Wednesday, March 21, 2012
Birdwatchers and patriots alike can celebrate some good news today. The American bald eagle is thriving in Oregon.
The Oregon Fish and Wildlife Commission just approved removing the bald eagle from the Oregon Endangered Species List.
According to Catherine Flick, coordinator of the annual Gorge-wide Christmas Bird Count for the Audubon Society, bald eagle populations in the Gorge and across Oregon have increased steadily since the late 1970s.
"We have about 8 to 10 permanent resident pairs between Cascade Locks and Mosier," said Flick.
Flick also noted that in the winter months, when preferred eagle food supplies of fish and water fowl increase, an additional 120 or more individual birds also become temporary residents of the area.
"On Feb. 7, I sighted the first nesting bird in the Gorge," said Flick. "This is very early and it appears that the eggs hatched last week."
OFW Commissioners called recovery of bald eagles in Oregon a great success made possible through the cooperation of many agencies, landowners and other partners.
Biologists estimated a minimum population of 570 nesting pairs of bald eagles in Oregon in 2010, compared to just 65 pairs in 1978.
"Eagles are very territorial. They return to the same nests every year," said Flick. "As long as they are not harassed and nothing happens to the nests, they will return."
Flick wanted to emphasize the importance of keeping those birds and their nests "harassment-free."
"Just like any species, like us even, they need their privacy," said Flick. "They will flush off their nests if disturbed"; which may also lead to abandonment of eaglets and eggs.
Flick noted that visiting wintering eagles also arrive from thousands of miles away including Arizona, California, Yellowstone Park and the Northwest Territories.
"There are all age classes of birds here in the winter. It takes four to five years for them to become adults and we see both juveniles and adults here."
Flick has been involved with the Christmas Bird Count since 2000 and also conducts monthly winter raptor surveys throughout the Gorge. This winter a new bald eagle nesting site was found in Tygh Valley - the first in decades in that area.
The bald eagle was removed from the federal list of threatened and endangered species in 2007. Bald eagles are still protected under a number of state and federal laws.
Parkdale third graders sing "12 Disaster Days of Christmas"
Welcome to your sing-able Christmas gift list.
What follows is an emergency rendition of “12 Days of Christmas” – for outfitting your home or car in case of snow storm, earthquake, flood or other emergency.
Read it as a simple list, or sing it to the tune of “12 Days” – you know, as in “ … and a partridge in a pear tree…”
Not to make light of it, but the song is a familiar framework for a set of gift ideas that you could consider gathering together, even if the recipient already owns items such as a bunch of coats, tire chains and flashlights. Stores throughout the Gorge are stocked up on all these items. Buying all 12 days might be prohibitive, but here are three ideas for checking any of the dozen off your list (notations follow, 1-12.) The gift items needed to stay warm, dry and safe are also coded to suggest items in your abode (A) in your car (C) or both (B).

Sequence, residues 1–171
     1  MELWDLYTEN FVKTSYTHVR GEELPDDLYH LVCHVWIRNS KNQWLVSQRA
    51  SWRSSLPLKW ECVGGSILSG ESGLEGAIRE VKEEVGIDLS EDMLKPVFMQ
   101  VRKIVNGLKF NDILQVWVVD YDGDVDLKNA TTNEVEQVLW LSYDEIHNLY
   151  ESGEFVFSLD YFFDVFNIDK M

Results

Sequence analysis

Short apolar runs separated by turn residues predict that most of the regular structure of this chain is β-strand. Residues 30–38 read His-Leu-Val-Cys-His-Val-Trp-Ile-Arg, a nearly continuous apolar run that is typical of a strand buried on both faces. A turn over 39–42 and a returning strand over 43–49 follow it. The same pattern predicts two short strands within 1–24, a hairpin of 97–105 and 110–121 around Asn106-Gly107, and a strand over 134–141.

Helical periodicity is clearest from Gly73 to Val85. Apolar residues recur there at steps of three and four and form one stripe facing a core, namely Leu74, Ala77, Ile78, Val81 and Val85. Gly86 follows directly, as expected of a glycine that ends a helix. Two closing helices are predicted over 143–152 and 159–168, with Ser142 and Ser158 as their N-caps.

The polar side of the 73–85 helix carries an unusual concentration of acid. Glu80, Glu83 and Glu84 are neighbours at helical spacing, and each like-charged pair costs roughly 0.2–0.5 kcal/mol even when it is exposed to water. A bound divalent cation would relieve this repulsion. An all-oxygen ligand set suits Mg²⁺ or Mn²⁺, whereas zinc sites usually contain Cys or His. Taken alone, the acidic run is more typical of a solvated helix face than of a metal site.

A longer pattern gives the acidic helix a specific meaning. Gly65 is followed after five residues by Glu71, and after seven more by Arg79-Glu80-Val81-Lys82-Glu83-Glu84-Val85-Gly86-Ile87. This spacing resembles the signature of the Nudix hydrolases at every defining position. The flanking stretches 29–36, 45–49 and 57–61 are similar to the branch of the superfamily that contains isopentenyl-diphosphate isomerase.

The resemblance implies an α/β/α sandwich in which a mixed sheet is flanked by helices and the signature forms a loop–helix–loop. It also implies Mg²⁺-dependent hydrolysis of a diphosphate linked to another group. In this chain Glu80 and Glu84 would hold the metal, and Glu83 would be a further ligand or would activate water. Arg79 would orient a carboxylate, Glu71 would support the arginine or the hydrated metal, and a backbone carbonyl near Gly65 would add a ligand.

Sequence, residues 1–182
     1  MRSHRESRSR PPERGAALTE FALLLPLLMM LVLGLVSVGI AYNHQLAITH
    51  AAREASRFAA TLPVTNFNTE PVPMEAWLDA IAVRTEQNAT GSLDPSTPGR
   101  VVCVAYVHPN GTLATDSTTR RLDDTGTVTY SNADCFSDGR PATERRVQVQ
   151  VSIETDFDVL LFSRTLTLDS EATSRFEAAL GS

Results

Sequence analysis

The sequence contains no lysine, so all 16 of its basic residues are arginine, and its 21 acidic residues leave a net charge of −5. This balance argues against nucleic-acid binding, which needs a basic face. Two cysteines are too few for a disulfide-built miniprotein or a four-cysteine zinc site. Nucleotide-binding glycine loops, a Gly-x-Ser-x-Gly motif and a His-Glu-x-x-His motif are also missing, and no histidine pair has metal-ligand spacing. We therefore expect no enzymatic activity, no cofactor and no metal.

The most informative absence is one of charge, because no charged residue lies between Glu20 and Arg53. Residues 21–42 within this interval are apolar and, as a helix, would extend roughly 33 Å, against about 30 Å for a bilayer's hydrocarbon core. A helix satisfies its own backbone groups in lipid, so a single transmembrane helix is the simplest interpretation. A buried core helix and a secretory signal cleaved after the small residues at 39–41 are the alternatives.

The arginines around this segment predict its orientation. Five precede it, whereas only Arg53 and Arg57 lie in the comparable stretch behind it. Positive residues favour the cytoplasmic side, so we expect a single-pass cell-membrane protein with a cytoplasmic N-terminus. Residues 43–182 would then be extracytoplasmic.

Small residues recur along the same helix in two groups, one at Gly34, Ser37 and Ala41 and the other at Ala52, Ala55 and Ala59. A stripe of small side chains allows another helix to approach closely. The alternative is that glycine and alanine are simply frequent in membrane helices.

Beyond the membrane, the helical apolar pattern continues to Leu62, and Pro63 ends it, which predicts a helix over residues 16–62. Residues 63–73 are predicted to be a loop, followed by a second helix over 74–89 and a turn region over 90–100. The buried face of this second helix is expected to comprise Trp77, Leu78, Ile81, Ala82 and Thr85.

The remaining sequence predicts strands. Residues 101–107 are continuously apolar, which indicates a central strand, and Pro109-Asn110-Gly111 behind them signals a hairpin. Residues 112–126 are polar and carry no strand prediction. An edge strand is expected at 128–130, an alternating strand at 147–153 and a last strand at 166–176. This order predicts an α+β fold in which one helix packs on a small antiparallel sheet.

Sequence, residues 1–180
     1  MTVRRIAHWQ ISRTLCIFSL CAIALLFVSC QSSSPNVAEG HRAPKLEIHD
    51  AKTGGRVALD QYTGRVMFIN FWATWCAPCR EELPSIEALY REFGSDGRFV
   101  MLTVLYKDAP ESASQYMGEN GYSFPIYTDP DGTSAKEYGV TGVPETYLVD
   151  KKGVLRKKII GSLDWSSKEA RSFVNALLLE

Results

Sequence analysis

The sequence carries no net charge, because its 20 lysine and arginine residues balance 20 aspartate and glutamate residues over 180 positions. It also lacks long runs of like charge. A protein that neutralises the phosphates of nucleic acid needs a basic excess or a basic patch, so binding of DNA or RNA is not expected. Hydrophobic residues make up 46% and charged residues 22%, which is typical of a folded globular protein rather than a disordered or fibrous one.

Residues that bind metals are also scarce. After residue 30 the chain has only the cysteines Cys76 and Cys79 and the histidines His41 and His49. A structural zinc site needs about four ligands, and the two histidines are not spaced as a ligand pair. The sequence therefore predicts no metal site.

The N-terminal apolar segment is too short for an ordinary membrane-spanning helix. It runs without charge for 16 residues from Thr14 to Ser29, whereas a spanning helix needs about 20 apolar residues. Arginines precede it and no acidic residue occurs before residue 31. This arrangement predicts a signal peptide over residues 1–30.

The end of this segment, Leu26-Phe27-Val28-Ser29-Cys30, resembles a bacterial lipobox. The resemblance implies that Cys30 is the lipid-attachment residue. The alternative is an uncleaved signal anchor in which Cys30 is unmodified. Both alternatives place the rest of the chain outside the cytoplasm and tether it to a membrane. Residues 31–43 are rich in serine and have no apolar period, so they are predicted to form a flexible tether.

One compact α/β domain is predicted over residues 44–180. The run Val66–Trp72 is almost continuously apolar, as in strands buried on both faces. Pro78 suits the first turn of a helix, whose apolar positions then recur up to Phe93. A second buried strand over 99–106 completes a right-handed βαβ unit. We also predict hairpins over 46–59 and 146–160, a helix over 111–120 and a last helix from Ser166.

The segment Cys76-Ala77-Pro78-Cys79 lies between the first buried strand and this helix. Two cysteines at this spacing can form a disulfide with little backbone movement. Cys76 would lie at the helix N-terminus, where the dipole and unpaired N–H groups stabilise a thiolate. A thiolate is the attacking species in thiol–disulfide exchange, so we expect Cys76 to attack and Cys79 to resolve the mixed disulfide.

12 Gallons of Water (A)
11 Family meals (B)
10 Cans of propane (A)
9 Hygiene bags (B)
8 Packs of batteries (A)
7 Spare coats (B)
6 Bright red flares (C)
5 Cozy blankets (B)
4 Tire chains (C)
3 Flashlights (B)
2 cell phone chargers (B)
1 And a crush-proof first aid kit (B)
Price ranges? Here’s a few quotes for days Three, Two, Four and Nine:
n A family gift of flashlights (three will run $15-30, Hood River Supply, Tum-A-Lum)
n Cell phone chargers (two will run $30-60)
n Tire chains (basic set, $30, Les Schwab, returnable if unused for the winter)
n Family meals ($100 or so should cover the basics for three or four reasonably well-fed days)
The home kit should be kept in a handy place near an exit, and remember that water needs to be replenished every few months.
If you have a solid first aid kit already, switch out the gift idea with “and-a-sto-o-u-t- tub-for it-all …”
Otherwise, it’s a case of assembling your home or car kits and making sure all members of the family know what the resources are and how to use them (ie flares and propane).
Emergency situations are at worst life-threatening, at best deeply uncomfortable if you and your family are left without power for an extended period, or traveling and find yourself in a situation where you need to wait out a storm, lengthy traffic delay, or other crisis.
Notes on the 12 gift ideas:
12 – Gallons of water: that’s one per person in a four-member family to last for three days, the recommended minimum to be prepared for utility outages.
11 – Easy-open packaged goods, energy bars, dried food and nuts are good things to include for nutrition. Think of what your family of four needs for three days to stay fortified and hydrated (see number 12). Can-opener also recommended
10 – If you have a propane camping stove, keep extra fuel handy.
9 – Hygiene bags: put packaged moistened towelettes, toilet paper, and plastic ties in large garbage bags (for personal sanitation)
Resource list courtesy of Hood River County Emergency Management, Barbara Ayers, manager/ 541-386-1213.
The county also reminds residents to Get a Kit, Make A Plan to connect your family if separated, and Stay Informed. See www.co.hood-river.or.us to opt-in for citizen alerts. Enlarge